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Chicken’s daily grind

Chicken’s daily grind

The phrase “chicken trimmings” does not have a particularly appetizing ring to it, but it is music to Rick Yoder’s ears. The owner of Wild Ginger, an Asian restaurant in Seattle, has a best-selling pot sticker dish using chicken harvested from all the birds his kitchen processes.

“It is a necessary ingredient to utilize the residual from the meat preparation,” Yoder says. “The only other use for it would be to put it in soup.”

Yoder and his wife, Ann, opened the restaurant in 1989. About seven or eight years ago, they added chicken pot stickers to the menu as an appetizer, and Yoder estimates they sell about 500-600 a day. The success has made ground chicken indispensable to the menu.

“We break all of our own chickens down here in house,” he says. “When we are cutting the chicken for other types of things…we take the trim [or meat and fat pieces] grind it up and use it as a filling for the pot stickers.

“You want to get some of the fat in there because it imparts flavor and keeps it moist,” he adds.

They add a number of flavor enhancers to the ground chicken, such as ginger, sesame oil, scallions and a small amount of garlic. The dough for the pot stickers is house-made and stuffed before being steamed and then pan-fried.

“The steaming sort of cooks it, and the pan-frying crisps it up on one side,” Yoder says.

The pot stickers come with six to an order at $8.95 and are served with a soy-based dipping sauce.

When it comes to sausages, burgers and other dishes made from ground meat, beef and pork are common, lamb and veal are not unusual, but rarely does America’s favorite go-to meat, chicken, come to mind.

Chicken long has been a staple in restaurant kitchens, favored for its versatility and perceived healthfulness, and its ground incarnation is proving to be popular at establishments as diverse as local pubs, national chains and fine-dining restaurants.

Ground chicken gives Dmitri Wilkins, chef at Bistro Ten 18 in Manhattan, a chance to experiment with special appetizers and lunch entrées. For example, he recently made a chicken croquette appetizer and a curry chicken burger, both of which ran as specials.

The chicken pieces for the croquettes are boiled in a mixture of white wine and chicken stock.

“You can use any part of it, as long as there are no bones in it,” Wilkins says. “I prefer to add the skin because it adds more moisture and flavor.”

He sautés a mirepoix in butter, adds flour to make a roux and then adds milk and lets it thicken. He adds ground chicken meat and spices, including salt, pepper, onion powder and cayenne pepper. Next Wilkins adds smoked Cheddar, parsley and Dijon mustard.

That mixture is portioned out, formed into disks, breaded and deep-fried. When he serves the croquette as a special appetizer, it comes with a chipotle aïoli dipping sauce.

Wilkins’ ground chicken curry burger is another way to offer customers a lighter option for lunch.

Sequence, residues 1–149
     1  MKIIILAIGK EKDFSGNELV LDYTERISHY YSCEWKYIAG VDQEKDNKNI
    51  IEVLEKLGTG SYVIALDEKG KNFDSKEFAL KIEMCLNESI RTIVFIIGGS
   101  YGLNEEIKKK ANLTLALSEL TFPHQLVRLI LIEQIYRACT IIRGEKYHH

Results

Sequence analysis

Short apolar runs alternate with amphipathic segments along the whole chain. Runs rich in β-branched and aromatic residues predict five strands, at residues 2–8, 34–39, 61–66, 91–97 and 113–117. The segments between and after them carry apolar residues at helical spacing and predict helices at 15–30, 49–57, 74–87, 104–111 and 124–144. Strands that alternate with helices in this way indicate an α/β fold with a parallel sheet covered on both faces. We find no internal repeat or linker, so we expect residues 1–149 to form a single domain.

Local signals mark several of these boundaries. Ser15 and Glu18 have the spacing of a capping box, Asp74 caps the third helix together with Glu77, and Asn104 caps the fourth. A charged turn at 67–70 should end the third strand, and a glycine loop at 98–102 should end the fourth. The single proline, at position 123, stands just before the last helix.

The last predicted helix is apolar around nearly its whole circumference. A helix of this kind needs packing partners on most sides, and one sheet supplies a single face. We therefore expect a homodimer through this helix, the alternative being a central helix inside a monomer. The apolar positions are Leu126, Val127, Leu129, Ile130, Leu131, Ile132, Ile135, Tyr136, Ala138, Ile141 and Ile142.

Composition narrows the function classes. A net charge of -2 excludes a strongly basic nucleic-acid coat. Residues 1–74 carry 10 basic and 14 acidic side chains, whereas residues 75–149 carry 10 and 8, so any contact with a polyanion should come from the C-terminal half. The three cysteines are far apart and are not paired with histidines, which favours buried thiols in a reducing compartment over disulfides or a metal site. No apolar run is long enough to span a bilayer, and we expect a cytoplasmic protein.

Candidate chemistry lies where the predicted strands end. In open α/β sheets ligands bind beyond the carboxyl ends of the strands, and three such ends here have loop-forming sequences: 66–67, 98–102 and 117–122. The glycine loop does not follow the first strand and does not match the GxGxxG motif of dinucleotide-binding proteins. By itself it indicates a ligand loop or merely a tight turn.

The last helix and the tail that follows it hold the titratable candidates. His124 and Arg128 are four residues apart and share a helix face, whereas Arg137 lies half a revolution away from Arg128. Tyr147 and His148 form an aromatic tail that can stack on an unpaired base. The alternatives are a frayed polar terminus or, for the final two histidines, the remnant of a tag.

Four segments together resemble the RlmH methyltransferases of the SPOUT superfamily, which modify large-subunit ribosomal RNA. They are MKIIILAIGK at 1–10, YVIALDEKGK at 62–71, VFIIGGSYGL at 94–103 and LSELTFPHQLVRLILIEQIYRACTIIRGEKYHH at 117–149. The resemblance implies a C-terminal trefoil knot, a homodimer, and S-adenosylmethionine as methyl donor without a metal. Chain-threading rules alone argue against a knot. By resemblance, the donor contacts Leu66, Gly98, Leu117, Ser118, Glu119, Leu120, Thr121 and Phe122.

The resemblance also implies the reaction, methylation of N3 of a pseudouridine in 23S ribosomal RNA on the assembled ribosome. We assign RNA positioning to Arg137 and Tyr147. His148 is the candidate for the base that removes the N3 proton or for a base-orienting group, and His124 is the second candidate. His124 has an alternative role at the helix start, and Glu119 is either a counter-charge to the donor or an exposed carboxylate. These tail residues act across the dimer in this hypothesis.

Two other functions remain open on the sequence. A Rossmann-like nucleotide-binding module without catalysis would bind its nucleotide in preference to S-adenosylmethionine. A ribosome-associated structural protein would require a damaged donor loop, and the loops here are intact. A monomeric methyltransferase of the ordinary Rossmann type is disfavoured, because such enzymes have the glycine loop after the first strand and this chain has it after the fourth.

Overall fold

“It definitely sells well, and I think people are attracted to it because it is a bit more healthy than some of the other options,” he says.

Wilkins mixes ground chicken with curry powder and sautéed mirepoix and forms a patty. The burgers are first grilled, then finished in the oven. The burger is topped with a chutney made with apples and onions sautéed and reduced with red wine vinegar. It is served with a salad of spinach, walnut and red grapes, as well as French fries.

P.F. Chang’s Gregg Piazzi, corporate chef for the Scottsdale, Ariz.-based chain, says that the quick-cooking technique of a high-heat wok helps to create the flavor profile for the Asian casual-dining chain’s top-selling chicken lettuce wraps.

The chicken for the dish is ground in-house, and Piazzi says only white meat is used. The chicken is then cooked over high heat in a wok.

“You can’t sear in the flavor without the wok,” Piazzi says. “Any time you get that sear, that Maillard [reaction, or browning], you get the umami.”

The sauce that is added, consisting of soy sauce, wine and sugar, marries quickly to the chicken in the high-heat environment.

“When you add the sauce, it almost melts instantly in,” Piazzi says.

The dish is then served on a bed of fried rice sticks, with lettuce cups on the side. The chicken lettuce wraps have been on the menu since the chain’s inception in 1993. P.F. Chang’s China Bistro Inc., the chain’s parent company, operates about 150 casual dining units in the United States, as well as more than 100 Pei Wei Asian diners, a fast-casual concept.

Tim Graham, chef de cuisine at Tru in Chicago, makes sure to add fat to his ground chicken dishes, for flavor and moisture. The modern fine-dining restaurant occasionally serves a chicken boudin dish on its tasting menu, with two chicken sausages, each about the size of a pinkie finger, served over pasta.

“I think you have to be careful that you adjust the fat content,” he says. “Normally you eat chicken with the skin and the skin helps provide the fat that moderates the leanness of the meat.”

For the sausage, the chicken is processed into a mousse and cream is added, along with truffles. The mixture is inserted into plastic wrap, sectioned off with string and the resulting sausages are poached.

He stresses that the way the chicken is cooked is just as important as what you add to it. He poaches chicken sausage, rather than grilling it, which helps to prevent it from drying out.

“Overcooked chicken is not good, whether or not it is overcooked whole chicken or over-cooked ground chicken,” Graham says. “Just because you grind it, doesn’t mean it is invincible to abuse.”

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